Pic of the Week

robertsjohnson:

Many factories in third world countries have horrible working conditions that result in devastating losses. It’s a shame that people lost their life to an expense of a commodity. Many employees of this factory work long hours throughout the night with little to no pay. These workers must take these jobs to support their families. It’s a vicious cycle that never seems to stop because the workers of the recent burnt down factory are now working at the factory down the street working in the same kind of conditions.

Originally posted on Eideard:


Aftermath of a fire that killed dozens in a Bangladesh clothing factory
REUTERS/Andrew Biraj — click to enlarge

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Illegal Immigrants

robertsjohnson:

Education is one thing that illegal immigrants can definitely take advantage of in the U.S. I didn’t think it would be at the expense of American citizens losing out on opportunities to increase their chances of higher education. I government needs to change the policy how they fund schools by knowing the amount of students per school, not be the census. Another issue deals with the fact Obama wont support the fact that illegal’s should provide paperwork providing immigration status. I understand paper work is hard to hold on to but the government must come up with an easier way for immigrants to show identification because American citizens have and are required to hold identification information. This is leading American citizens to believe our government is treating illegal’s better than Americans. I’m trying to figure out, with all these benefits why would an illegal want to become an American citizen..

Originally posted on RENELAND:

Let me start by stating that I am not prejudice. My father was Mexican, therefor so am I. I am not prejudice regardless of that fact. Next let me say that I understand, empathize and don’t have issues with Mexicans who want to come to America. I also know that it is not easy to get visas and that the process needs to be fixed. Now let me say that I have major issues with illegal immigrants. I live in Phoenix. I also live in a mostly Hispanic neighborhood and school district. I am a strong supporter of SB1070.

I am personally affected by this in many ways. At the heart of this is my daughter. Public schools get funding for teachers, programs, after school activities, lunches etc for each district from the state. The state gets its funding from the federal government. The amount per district depends on…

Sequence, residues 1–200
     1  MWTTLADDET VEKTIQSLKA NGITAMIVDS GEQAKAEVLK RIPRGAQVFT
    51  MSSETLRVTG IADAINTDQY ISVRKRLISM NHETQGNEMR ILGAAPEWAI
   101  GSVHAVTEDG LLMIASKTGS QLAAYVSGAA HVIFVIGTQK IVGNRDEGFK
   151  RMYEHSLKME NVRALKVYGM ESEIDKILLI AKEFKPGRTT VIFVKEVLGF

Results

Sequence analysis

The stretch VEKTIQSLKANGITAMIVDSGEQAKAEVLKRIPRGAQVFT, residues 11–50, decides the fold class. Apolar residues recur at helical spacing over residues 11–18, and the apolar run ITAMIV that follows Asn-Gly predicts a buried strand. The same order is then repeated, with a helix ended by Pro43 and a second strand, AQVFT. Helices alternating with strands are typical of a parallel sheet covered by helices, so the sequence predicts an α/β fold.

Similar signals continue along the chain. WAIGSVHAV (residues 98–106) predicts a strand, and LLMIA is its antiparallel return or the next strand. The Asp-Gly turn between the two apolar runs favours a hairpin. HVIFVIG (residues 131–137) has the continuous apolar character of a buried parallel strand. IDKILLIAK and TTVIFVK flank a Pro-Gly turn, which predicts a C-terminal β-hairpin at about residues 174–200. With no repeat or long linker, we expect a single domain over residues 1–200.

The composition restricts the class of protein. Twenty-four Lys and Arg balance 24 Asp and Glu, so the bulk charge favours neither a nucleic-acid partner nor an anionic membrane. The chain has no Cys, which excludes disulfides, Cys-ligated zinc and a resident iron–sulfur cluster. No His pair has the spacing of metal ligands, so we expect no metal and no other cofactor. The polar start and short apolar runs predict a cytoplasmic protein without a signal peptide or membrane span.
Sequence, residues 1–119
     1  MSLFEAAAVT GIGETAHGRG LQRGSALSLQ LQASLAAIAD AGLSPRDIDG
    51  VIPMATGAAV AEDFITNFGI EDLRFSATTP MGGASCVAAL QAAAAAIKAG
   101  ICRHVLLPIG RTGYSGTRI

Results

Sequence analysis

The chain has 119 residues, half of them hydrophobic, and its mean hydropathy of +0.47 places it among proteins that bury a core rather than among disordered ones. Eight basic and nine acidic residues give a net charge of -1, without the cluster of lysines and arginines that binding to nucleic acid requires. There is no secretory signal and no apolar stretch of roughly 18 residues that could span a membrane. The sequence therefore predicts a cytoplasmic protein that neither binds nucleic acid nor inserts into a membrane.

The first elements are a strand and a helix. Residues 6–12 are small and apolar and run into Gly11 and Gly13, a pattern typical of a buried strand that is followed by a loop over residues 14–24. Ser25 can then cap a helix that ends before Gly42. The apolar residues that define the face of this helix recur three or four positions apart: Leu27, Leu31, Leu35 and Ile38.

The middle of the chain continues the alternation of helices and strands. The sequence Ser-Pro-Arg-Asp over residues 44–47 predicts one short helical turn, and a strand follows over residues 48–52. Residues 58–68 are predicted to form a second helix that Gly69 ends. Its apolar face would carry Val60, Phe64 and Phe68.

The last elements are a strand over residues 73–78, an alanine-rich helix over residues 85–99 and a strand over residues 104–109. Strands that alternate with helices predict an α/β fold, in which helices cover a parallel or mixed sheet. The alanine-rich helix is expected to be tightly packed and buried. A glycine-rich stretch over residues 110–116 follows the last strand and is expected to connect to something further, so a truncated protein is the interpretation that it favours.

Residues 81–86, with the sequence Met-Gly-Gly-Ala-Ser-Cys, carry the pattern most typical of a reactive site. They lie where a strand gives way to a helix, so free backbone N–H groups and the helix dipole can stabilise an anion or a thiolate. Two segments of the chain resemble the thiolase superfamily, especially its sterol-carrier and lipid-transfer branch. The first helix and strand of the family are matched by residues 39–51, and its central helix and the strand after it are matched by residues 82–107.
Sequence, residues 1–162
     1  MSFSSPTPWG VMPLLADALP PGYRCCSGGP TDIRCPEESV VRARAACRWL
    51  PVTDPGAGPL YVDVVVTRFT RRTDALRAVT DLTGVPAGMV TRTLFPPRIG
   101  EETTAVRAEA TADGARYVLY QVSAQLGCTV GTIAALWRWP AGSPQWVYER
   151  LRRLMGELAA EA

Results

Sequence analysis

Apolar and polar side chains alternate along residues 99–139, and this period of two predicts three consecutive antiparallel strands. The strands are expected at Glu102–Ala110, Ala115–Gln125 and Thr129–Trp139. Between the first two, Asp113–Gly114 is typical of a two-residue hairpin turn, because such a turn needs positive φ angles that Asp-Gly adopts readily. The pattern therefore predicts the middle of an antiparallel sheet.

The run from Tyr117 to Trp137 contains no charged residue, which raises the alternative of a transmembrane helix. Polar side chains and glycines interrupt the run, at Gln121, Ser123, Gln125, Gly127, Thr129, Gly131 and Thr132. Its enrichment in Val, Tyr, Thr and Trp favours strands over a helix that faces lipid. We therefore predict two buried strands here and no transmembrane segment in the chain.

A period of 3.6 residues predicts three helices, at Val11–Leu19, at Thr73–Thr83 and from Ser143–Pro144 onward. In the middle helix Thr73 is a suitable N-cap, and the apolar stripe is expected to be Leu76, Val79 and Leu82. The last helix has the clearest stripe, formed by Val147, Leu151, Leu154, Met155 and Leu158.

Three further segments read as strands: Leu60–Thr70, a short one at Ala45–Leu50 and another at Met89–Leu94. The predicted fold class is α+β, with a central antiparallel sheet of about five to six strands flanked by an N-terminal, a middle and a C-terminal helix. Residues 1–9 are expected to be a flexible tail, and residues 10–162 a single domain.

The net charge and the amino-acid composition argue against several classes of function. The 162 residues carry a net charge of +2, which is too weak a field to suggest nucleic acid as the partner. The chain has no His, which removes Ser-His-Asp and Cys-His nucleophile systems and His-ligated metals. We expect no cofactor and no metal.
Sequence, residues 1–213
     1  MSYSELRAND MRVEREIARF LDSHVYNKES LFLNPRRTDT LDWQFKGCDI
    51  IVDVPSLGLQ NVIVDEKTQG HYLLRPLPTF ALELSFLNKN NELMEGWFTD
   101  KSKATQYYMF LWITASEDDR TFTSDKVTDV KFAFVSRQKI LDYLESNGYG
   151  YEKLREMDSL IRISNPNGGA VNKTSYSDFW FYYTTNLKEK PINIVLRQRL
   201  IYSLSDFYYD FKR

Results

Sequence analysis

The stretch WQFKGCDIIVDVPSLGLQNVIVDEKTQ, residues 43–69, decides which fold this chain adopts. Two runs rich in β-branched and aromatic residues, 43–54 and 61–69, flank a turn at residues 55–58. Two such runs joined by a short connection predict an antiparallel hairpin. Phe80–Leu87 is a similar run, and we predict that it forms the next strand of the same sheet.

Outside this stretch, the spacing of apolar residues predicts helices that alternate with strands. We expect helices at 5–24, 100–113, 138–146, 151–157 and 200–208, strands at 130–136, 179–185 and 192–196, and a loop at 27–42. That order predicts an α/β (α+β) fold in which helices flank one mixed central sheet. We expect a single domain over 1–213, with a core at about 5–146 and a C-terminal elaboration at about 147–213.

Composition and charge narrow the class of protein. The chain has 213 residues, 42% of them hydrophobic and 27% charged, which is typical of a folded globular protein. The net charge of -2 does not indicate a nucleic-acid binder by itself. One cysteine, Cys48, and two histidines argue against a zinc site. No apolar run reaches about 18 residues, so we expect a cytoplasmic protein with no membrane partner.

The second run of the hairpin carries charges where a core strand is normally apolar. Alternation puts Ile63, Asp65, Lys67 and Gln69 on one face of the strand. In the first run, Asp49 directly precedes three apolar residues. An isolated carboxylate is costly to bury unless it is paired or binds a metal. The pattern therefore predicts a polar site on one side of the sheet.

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Police Seize 15 Assault Weapons From Suspected Illegal Immigrant

robertsjohnson:

This is unacceptable for an illegal immigrant to have possession of multiple assault rifles. Even though the guns weren’t illegal to own, they were being transported in the back of the individual’s car back to Mexico. This is a common practice in the drug trade and is a reason law enforcement cant stop their internal crackdown of illegal immigration. The individual should also not be able to go back to Mexico. I understand this would just increase the prison population and the cost of taxpayer’s money, but getting guns off the street is a main issue.

Originally posted on CBS Dallas / Fort Worth:

DALLAS (CBSDFW.COM) – A suspected illegal immigrant is in custody after police recovered 15 military-style assault weapons in his vehicle in Oak Cliff.

24-year old Jesus Gonzales was arrested during a traffic stop near Hampton and Brooklyn on Thursday. When Dallas police stopped Gonzales, a police report says the officer was given permission to search the car and found 15 assault rifles.

Police were first alerted to a suspicious vehicle parked in an alley in the area.

Agents from Immigration and Customs Enforcement have put a detainer on Gonzales, meaning he will not be able to get out of jail on bond.

Due to the nature of the assault weapons, the case was referred to the Bureau of Alcohol, Tobacco and Firearms (ATF).

Andrew Young of the ATF noted that the weapons recovered by authorities are not in themselves illegal with a proper permit, but the legal status of Gonzales warranted the…

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Ethics and Issues in Deportation

robertsjohnson:

The number of illegal immigrants being deported back to their home countries increase every year and is costing the United States a lot of money. Deporting immigrants also splits families up sometimes leave kids without an adult figure. Immigrant families face tough decisions when they someone in their family get deported. For one, their family household income will decrease due to a member of the family being out of work. Second if an illegal immigrant gets deported and decides to re enter the U.S. they will then be committing a felony resulting in that individual having to append time in prison. Lastly parents will have to decide what they will do with their children, either leave the children with family, take them back to their home country or place the child in foster care. An immigrant shouldn’t have to worry about not seeing their family if their a hard working citizen.

Originally posted on Immigration Talk:

Checkpoint at the U.S.-Mexican Border in the rearview mirror. Photo Credit: Flicker username, “Jennoit”

Last year’s deportation statistics were record-breaking. During 2011, approximately 400,000 undocumented immigrants were deported (Record Number of Illegal Immigrants Deported in 2011). Like all immigrant populations, the people deported formed a heterogeneous group. While some were recent arrivals, others lived here for years and established families, potentially containing mixed-immigration statuses. Too frequently, the deportation of an undocumented immigrant means dividing families in ridiculous ways. Many times, it means that the citizens-by-birth children of undocumented parents are the only members of the family allowed to stay in the U.S. Separating children from their parents is issue enough by itself, but let’s take a moment to think about the ramifications of these divisions. What would you do if you were sent to your home country and your child was living in a foreign nation, potentially without the…

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ICE Scaling Back Cooperation of 287(g) Program That Helps State Law Enforcement Identify Illegal Immigrants That Commit Felonies